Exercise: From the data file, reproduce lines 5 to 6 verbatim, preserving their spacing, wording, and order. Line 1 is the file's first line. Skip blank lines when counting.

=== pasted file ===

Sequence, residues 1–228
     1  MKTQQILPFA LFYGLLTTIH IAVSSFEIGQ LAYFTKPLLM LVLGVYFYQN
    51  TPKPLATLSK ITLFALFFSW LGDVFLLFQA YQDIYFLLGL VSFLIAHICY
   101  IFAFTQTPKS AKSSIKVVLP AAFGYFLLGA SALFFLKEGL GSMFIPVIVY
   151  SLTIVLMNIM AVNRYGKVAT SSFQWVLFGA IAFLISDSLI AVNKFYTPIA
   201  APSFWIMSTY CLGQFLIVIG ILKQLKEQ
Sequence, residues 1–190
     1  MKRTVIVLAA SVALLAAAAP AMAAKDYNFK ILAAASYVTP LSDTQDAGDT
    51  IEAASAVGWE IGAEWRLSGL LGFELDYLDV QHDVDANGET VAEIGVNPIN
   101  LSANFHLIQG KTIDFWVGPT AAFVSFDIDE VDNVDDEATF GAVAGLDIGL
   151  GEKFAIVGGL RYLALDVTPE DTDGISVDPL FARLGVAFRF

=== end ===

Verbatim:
   151  SLTIVLMNIM AVNRYGKVAT SSFQWVLFGA IAFLISDSLI AVNKFYTPIA
   201  APSFWIMSTY CLGQFLIVIG ILKQLKEQ